It was Savea’s savage aggression that made the try so special as he smashed 3 big French tacklers aside to score in the left corner.
All Blacks (16) 34 / 17 (3) Wallabies (Final Score)
The New Zealand All Blacks and Australian Wallabies did battle in the 2015 Rugby World Cup FINAL at
Twickenham Stadium, London, England at 18:00 SA Time (16:00 UK Time, 16:00 GMT, Sunday 03:00 AEDT, Sunday 05:00 NZ Time).
This was the live match discussion Article.
The match was broadcast LIVE on SuperSport 1 & M-Net on TV in SA.
On 31 October, 9 of the iconic aircraft will treat fans in Twickenham Stadium, as well as the Richmond and Trafalgar Square fanzones, to a special flypast prior to the start of the final between New Zealand and Australia. They will flyover Trafalgar Square 7 minutes before kick-off, then over Twickenham Stadium and the Richmond Fanzone at 15:55 as the teams line up for the anthems.
The finalists are set to battle it out for rugby’s greatest prize, the Webb Ellis Cup, in front of a sell-out crowd of 80 125. South Africa and Argentina will also go head to head in front of a full house in the Bronze final at The Stadium, Queen Elizabeth Olympic Park – in front of 56 000 spectators.
New Zealand All Blacks coach Steve Hansen has named an unchanged side to face Australia’s Wallabies in the Rugby World Cup Final at Twickenham Stadium on Saturday.
The line-up is the same as the one that defeated South Africa 20 / 18 in the semifinals last weekend.
The last time the All Blacks named an unchanged starting line-up between successive Rugby World Cup matches was in 2011, when they made no changes to the team that defeated Australia in the semifinals then beat France in the final.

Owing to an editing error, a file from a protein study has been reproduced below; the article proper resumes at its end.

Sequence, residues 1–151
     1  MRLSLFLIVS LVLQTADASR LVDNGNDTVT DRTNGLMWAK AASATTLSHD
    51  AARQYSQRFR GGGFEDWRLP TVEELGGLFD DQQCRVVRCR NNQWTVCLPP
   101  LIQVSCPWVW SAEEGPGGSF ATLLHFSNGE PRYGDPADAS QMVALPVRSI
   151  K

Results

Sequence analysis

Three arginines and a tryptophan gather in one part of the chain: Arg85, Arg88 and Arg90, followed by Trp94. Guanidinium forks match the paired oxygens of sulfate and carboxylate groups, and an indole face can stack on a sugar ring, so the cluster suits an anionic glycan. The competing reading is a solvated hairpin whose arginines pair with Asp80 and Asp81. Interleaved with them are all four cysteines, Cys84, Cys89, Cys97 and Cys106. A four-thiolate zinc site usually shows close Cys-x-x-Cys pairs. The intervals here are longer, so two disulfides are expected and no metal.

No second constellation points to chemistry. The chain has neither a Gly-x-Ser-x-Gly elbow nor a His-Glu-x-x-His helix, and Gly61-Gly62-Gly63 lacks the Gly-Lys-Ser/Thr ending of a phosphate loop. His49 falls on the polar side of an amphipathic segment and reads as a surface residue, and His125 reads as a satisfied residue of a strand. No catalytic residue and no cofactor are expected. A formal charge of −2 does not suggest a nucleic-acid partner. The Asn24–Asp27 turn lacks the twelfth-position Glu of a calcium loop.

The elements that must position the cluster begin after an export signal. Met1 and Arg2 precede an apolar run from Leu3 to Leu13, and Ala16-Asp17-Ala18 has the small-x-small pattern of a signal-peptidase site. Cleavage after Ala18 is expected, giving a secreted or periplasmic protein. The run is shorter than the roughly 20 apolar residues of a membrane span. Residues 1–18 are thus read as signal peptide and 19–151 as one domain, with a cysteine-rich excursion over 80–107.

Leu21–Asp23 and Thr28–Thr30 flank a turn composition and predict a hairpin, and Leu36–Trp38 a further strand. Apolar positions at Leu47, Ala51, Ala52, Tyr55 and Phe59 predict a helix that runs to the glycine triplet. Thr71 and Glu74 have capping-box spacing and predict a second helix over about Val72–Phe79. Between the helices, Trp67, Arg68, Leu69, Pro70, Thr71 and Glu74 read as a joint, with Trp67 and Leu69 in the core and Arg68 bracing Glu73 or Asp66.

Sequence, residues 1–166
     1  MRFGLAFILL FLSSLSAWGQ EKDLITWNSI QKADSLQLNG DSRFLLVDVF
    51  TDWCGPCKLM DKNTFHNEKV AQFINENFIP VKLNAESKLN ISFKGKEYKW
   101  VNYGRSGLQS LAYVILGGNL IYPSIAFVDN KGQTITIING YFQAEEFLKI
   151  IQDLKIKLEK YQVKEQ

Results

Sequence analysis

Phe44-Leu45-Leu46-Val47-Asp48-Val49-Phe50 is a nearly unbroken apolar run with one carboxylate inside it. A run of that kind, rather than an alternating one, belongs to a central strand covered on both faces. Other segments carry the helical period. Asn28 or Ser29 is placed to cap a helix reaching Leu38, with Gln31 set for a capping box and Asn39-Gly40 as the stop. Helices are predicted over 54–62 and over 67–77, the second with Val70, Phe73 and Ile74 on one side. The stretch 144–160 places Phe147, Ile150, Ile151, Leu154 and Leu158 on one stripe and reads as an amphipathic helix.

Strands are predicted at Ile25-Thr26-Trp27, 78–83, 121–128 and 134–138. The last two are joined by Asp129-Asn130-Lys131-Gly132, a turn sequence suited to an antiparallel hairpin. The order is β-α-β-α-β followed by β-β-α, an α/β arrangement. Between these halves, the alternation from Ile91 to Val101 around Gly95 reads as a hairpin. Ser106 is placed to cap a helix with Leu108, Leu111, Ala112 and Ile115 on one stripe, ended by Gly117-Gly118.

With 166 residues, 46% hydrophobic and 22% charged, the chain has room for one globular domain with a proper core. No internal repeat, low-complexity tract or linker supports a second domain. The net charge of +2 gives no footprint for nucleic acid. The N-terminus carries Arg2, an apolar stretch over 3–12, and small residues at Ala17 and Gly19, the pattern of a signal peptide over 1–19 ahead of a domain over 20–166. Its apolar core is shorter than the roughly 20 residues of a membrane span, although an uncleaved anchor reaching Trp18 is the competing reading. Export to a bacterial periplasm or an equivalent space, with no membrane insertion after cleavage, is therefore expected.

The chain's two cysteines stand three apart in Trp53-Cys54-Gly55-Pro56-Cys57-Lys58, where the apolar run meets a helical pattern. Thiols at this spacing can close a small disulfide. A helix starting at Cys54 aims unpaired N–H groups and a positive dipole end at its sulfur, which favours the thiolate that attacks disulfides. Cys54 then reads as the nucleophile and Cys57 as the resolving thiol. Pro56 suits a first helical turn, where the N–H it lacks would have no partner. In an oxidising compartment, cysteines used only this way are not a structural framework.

13 Players in the current All Blacks 31-man squad were part of the triumphant 2011 Rugby World Cup squad and Tony Woodcock, would have made that 14 if he had not left injured.
The players hoping to win the Webb Ellis Cup for a 2nd time are Keven Mealamu, Owen Franks, Ben Franks, Sam Whitelock, Jerome Kaino, Richie McCaw, Kieran Read, Victor Vito, Dan Carter, Colin Slade, Ma’a Nonu, Conrad Smith and Sonny Bill Williams.
Conrad Smith, Nonu, Woodcock, Mealamu, Owen Franks, Whitelock, Kaino, McCaw and Read all started in the 2011 Final and Williams came on as a replacement in that match.
The Southern Hemisphere nations consolidated their positions as the Top 4 in world rugby after a weekend of battle that resulted in the Top 2, New Zealand and Australia, moving through to this Saturday’s final of Rugby World Cup 2015.
South Africa, who lost 20 / 18 to New Zealand in the Rugby World Cup semifinal on Saturday, retain their position as world No 3 ahead of Argentina, who were defeated 29 / 15 by Australia in Sunday’s semifinal.
The Springboks and Pumas will contest the Rugby World Cup bronze final on Friday and the winner is likely to be the world No 3, with the sides separated in the rankings by less than 1 point.
Under the points exchange system used to calculate rankings, sides take points off each other based on the match result; whatever 1 side gains, the other loses. Such points exchanges are doubled during the Rugby World Cup to recognise the unique importance of the event.
Nigel Owens has been appointed to referee the final of Rugby World Cup 2015. The 44-year-old from Wales is a veteran of 67 Tests but on Saturday at 17:00 SA Time (16:00 UK Time) he will take charge of the biggest match of his career to date.
Owens will become just the 7th referee to do the job, following in the footsteps of Kerry Fitzgerald (1987), Derek Bevan (1991), Ed Morrison (1995), Andre Watson (1999 and 2003), Alain Rolland (2007) and Craig Joubert (2011).
His experience and his consistency over many years, as well as his excellent form during the build-up to and during Rugby World Cup 2015, has won him selection to the pinnacle match in the sport at the end of a tournament in which the high quality of officiating has been a feature.
World Rugby has announced the shortlist for the inaugural Breakthrough Player of the Year 2015 award, with the winner set to be revealed at the World Rugby Awards dinner at Battersea Evolution, London, on 1 November.